BY TATIRA ZWINOIRA
Zesa in June started implementing a punishing 18-hour load-shedding schedule after it was forced to significantly reduce power generation at the Kariba Dam hydro power plant.
Zimbabwe is also struggling to pay money owed to Mozambican and South African power producers that have responded by suspending electricity supplies.
Simbisa said it now had to spend more on diesel to run generators across the company’s 209 outlets. The power crisis came at a time when the company had lost
35% of its revenue last month after the government ended dollarisation.
Simbisa said the setback had severely affected its plans to roll out 21 outlets by year end.
“It has been an extremely difficult task,” the company’s MD Warren Meares said in an interview.
“We have got backup generators throughout the country at all our outlets and we have even now bought mobile generators for the down time when you have to
service the generators.
“We have put three generators on trailers so that when we get a problem with a certain generator we have a backup generator within the hour to support the branch that has a power cut.”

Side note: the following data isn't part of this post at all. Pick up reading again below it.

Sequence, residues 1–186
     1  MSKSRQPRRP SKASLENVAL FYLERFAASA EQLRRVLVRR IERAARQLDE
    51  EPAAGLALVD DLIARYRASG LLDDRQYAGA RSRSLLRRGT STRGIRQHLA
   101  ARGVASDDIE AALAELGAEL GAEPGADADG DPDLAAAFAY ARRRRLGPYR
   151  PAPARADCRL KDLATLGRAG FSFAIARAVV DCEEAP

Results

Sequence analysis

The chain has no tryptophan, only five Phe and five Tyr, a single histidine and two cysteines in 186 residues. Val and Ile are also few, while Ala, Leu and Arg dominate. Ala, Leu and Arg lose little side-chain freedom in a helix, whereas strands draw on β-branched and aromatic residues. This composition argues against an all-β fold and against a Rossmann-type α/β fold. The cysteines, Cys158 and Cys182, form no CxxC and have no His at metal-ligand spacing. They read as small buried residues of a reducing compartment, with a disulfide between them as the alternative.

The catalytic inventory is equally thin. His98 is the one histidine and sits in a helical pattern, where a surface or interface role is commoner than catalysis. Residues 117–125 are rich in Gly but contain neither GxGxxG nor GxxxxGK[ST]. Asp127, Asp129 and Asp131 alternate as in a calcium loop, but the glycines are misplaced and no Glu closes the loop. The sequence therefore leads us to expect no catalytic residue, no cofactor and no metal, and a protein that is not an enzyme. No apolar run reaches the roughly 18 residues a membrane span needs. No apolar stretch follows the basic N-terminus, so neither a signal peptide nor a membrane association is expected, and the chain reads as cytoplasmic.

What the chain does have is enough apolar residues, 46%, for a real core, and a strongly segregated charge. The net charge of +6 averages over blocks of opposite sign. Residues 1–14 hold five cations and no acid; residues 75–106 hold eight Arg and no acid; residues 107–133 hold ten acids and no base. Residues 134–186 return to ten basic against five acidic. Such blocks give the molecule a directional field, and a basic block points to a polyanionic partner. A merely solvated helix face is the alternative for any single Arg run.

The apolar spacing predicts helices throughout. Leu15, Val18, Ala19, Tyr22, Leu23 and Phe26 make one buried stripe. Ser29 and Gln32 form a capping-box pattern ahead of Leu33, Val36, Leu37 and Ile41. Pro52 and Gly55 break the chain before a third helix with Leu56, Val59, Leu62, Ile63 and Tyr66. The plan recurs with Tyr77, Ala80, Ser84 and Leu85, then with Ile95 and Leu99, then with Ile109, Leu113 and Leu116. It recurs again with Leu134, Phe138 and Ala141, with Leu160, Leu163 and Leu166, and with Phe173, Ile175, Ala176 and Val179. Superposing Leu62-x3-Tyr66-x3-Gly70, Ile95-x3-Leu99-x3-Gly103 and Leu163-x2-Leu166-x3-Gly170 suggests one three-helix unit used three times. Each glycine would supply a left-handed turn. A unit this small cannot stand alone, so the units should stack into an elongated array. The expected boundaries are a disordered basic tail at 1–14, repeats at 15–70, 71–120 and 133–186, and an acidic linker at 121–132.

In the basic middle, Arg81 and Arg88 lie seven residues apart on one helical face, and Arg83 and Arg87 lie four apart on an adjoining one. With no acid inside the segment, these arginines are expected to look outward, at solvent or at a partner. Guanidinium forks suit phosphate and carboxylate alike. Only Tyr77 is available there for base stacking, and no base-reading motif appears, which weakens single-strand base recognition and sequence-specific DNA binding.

Meares was speaking after the launch of a Nandos outlet in Harare’s Borrowdale suburb on Friday. He said Simbisa would be forced to slow down its expansion
drive due to the erratic power supplies.
“Our expenses have gone up by about $780 000 per month from all outlets,” he added.
“We spent about $780 00 on diesel last month to run the generators’ and we have decided we need to have a relook at our strategy to see whether we are going
to continue on the trajectory that we had planned.”
Meares said from the 21 outlets they had originally planned for this year, only six might eventually be opened.
He said if that happens, they would only be able to hire half of the planned 500 new employees.
In February, Simbisa announced it would invest about US$10 million in setting up the 21 new outlets.